Tuesday, February 28, 2017

Delicious Desserts, Inspired by Wayne Thiebaud

After exploring color mixing by creating new colors and naming them, 3rd grade artists looked at and discussed the work of American painter Wayne Thiebaud. Thiebaud (pronounced "tee-bow") is known for his paintings of everyday objects, like food, and still makes art today. 
Wayne Thiebaud, Cakes (1963)
We looked at his paintings of different kinds of desserts and noticed his use of bright colors and dramatic, colorful shadows. Looking at several examples made us hungry! To begin our own paintings of desserts, we looked at the geometric shapes and forms that make up a lot of our favorite desserts. We noticed that many desserts are either a cylinder, like a cake or pie; a cone shape, like an ice cream cone; a sphere, like the scoop of ice cream; or a triangular prism, like a slice of cake. We brainstormed and drew a few sketches of our favorite desserts before selecting one to sketch out on larger paper, focusing on the shapes. 
The following class, we used our recent experience with mixing colors to paint our favorite desserts! We thought about how we could mix a variety of colors, thinking about the bright colors that Thiebaud uses in his painting, as well as using white to create lighter tints of a color. 
Students painted their desserts, incorporating tints, and the following week, they added additional details on top, now that the first layer of paint had dried. Students thought about how they could decorate their cakes, ice cream cones, sundaes and doughnuts with creative details like frosting, sprinkles, flowers, candles and hot fudge.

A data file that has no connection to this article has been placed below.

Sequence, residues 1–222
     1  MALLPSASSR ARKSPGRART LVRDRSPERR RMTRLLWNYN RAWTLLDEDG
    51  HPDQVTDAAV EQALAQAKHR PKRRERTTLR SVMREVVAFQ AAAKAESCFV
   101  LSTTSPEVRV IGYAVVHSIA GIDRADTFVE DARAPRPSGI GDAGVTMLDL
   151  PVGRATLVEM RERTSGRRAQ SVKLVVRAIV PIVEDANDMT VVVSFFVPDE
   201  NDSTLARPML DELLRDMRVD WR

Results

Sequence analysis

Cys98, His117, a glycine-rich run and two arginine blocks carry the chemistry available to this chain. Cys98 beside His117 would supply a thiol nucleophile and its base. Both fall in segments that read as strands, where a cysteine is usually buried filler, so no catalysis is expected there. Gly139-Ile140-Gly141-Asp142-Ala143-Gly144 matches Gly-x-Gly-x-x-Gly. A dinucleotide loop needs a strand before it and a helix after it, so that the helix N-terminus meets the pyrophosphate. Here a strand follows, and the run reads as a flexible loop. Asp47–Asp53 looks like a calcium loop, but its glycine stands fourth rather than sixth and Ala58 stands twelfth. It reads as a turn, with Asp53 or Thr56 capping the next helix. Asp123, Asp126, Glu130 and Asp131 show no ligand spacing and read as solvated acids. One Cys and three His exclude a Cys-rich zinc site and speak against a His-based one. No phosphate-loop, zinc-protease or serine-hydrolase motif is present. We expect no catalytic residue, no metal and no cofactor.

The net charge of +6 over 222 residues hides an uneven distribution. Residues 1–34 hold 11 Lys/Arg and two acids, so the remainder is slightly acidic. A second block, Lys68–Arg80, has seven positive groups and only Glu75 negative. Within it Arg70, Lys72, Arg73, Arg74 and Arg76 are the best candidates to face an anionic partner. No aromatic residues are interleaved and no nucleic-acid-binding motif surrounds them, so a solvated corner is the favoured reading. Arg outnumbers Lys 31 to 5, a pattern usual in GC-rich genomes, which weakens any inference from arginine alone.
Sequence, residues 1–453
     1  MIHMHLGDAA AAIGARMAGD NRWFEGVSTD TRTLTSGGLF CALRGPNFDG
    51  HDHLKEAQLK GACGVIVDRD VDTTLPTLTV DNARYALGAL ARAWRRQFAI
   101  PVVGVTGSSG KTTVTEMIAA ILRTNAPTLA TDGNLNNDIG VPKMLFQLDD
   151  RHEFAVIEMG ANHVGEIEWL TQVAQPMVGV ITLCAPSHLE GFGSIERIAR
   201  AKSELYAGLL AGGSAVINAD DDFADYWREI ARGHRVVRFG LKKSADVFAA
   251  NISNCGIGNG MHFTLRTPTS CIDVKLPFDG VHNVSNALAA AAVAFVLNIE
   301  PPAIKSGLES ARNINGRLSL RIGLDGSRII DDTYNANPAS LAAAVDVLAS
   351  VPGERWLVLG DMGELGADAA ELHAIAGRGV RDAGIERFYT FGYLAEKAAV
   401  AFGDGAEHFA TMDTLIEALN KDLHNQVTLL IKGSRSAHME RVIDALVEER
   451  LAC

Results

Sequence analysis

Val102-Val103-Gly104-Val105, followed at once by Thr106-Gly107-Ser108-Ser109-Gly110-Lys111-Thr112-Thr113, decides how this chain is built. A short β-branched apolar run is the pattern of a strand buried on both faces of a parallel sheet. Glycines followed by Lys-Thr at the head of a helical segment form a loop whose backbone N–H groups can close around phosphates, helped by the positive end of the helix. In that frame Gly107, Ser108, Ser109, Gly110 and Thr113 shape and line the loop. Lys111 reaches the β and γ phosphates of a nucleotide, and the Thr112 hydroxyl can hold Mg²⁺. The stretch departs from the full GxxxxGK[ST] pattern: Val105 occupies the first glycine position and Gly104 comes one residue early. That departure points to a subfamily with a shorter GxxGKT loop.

During the next class, students painted the background, considering the use of a complementary colors and colors that would help their desserts to stand out. Since Thiebaud is also known for his use of strong shadows, we looked at cast shadows and how the shape of the object changes the shape of the shadow. Students added a colorful shadow to their dessert, and many students actually chose to add a window in their background to show a light source. 
For our last class, students participated in a gallery walk to see everyone's artwork and also a turn and talk to share their work with a partner. Here are some colorful examples of our delectable Wayne Thiebaud inspired desserts:
Andrew, 3rd Grade (Monfette)
Artem, 3rd Grade (Stone)
Brixton, 3rd Grade (Stone)
Desmond, 3rd Grade (Fletcher Nickl)
Evan, 3rd Grade (Monfette)
Gavin, 3rd Grade (Fletcher Nickl)
Pedro, 3rd Grade (Monfette)
Priya, 3rd Grade (Monfette)
Siobhan, 3rd Grade (Fletcher Nickl)
Yulissa, 3rd Grade (Monfette)
Zerihun, 3rd Grade (Fletcher Nickl)

Manos, 3rd Grade (Monfette)

Sunday, February 26, 2017

Romare Bearden Inspired 'My Block' Cityscape Collage

After their Pop Art inspired print project, 4th grade artists looked at the work of another American artist named Romare Bearden. An African American artist, Bearden lived and worked in Harlem, a neighborhood in New York City. We looked at and discussed one of his collage artworks called "The Block." 
Romare Bearden, The Block (1978)
Students noticed that there were many different buildings and details -- windows, people, signs, etc. Students also noticed that some of the buildings looked like they were made of different materials, such as brick. We discussed how the street in a city is very busy, with many different kinds of buildings, such as apartments, restaurants, and stores. We noted that although you can tell that it is a city street, some of the colors, proportions, and views are not completely realistic. For example, some parts of the buildings are cut out so that you can see what is happening inside, and the light bulb in one of the rooms is much larger than the people around it. The longer we looked at it, the more there was to see!